Every year around the time of Martin Luther King Jr. Day there are conferences, workshops, lectures, and readings addressing issues ranging from multi-culturalism to hip-hop music
This year, organizations such as the Whatcom Human Rights Task Force, the Ethnic Student Center, the Social Issues Resource Center, and New Student Services are taking part in a conference entitled “Teaching/Learning from a position of compassion and an appreciation for diversity and learning.” Essentially the conference is focusing on connecting with local educators in schools and targeting the general community.
The focus for the conference sprang from an event that occurred earlier in the fall when some students at Bellingham High School put up racist graffiti at Sehome High School.
Students reacted to the incident in a pro-active fashion with summit meetings, film presentations, and readings. Students also led a march from Bellingham to the courthouse
Joe Wooding of the Center for Educational Pluralism and a volunteer for the Whatcom Human Rights Task Force says that he hopes the conference will offer students another opportunity to engage in dialogue about this incident and issues surrounding it.
Wooding addresses the idea that this conference sets out to accomplish what King was trying to accomplish with his work.
“King called for a revolution of values. As teachers who are questioning society and questioning practices they are working with students to envision what kind of world is possible and developing these skills,” says Wooding.
Political Science Professor Vernon Johnson will also be giving a lecture drawing upon the idea of the role of youth in social justice movements and making schools a safe climate for all students.
Johnson reflects on the reaction by the building administration that occurred at Sehome High School after the incident.
“It was interesting how quiet the building administration and the district level administration were over the whole thing and it was interesting that the students really kept up the energy and mobilization of the incident,” says Johnson.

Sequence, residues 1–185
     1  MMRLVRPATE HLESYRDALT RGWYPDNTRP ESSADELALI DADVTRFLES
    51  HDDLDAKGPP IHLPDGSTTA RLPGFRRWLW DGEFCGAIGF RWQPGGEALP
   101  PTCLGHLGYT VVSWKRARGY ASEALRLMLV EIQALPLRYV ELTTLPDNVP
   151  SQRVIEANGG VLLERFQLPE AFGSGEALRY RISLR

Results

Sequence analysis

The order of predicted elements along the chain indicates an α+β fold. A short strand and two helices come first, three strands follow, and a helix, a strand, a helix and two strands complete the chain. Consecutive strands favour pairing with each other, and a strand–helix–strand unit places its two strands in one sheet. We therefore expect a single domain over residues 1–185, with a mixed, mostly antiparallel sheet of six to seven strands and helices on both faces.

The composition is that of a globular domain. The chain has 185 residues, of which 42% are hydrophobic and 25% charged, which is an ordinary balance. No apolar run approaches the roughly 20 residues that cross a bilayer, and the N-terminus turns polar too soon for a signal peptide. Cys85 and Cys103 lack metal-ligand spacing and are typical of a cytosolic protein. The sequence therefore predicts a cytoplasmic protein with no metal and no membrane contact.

A read-in is also scheduled on the day of the holiday at Village Books where students will read to children from local schools.
“The work of creating a truly multi-cultured society, the work of understanding the linkage between race and economic inequality and social justice more broadly doesn’t happen by osmosis,” says Johnson. “All this stuff should be integrated into the curriculum…But, schools don’t want to have political problems or be accused of having political problems, so they teach objectively. It’s too bad that we don’t have ways or mechanisms in engaging with this all the time. The problems are not going to go away with superficial treatment.”
Johnson adds that the conference can help people spread outward into the community in ways that can’t be described. Many of his former students who have been involved with the conference have gone on to work for social justice organizations throughout the U.S.
“We do believe we are trying to build a movement and it’s not as glamorous as it was in the 60s but it’s the same concept and very much in keeping with King’s legacy,” said Johnson “When he started out he was fighting for social justice and near the end of his life he was fighting for economic justice. The phrase that he never quite put this way that I always like to say was that he was fighting for economic justice in a multi-racial society. So recognition that race and class are tied together yet, have independent lives of their own, so we have to understand race. Again if you don’t have the tools, then you may not be able to communicate properly so that things can get done.”
Both Professor Johnson and Joe Wooding emphasize that dialogue should occur throughout the year and not just on the day we celebrate King’s legacy and the symbolism he stands for.
“It’s my favorite holiday because it feels authentic. It’s one holiday that is dedicated to a person where his whole movement was successful. We can honor what he was about and value where he was at near the end of his career and life,” says Wooding. -
“I thought that by the time I was at my age now, that the world would be egalitarian, socially just, racially just,” said Johnson. “But, it’s not. In some cases it’s almost gone backward because the forces of reaction have reared themselves up and asserted themselves over the last 20, 25 years. But, we keep building because it’s the right thing to do. As one of my colleagues put it, ‘it feels good to do good’. It gives meaning to life.”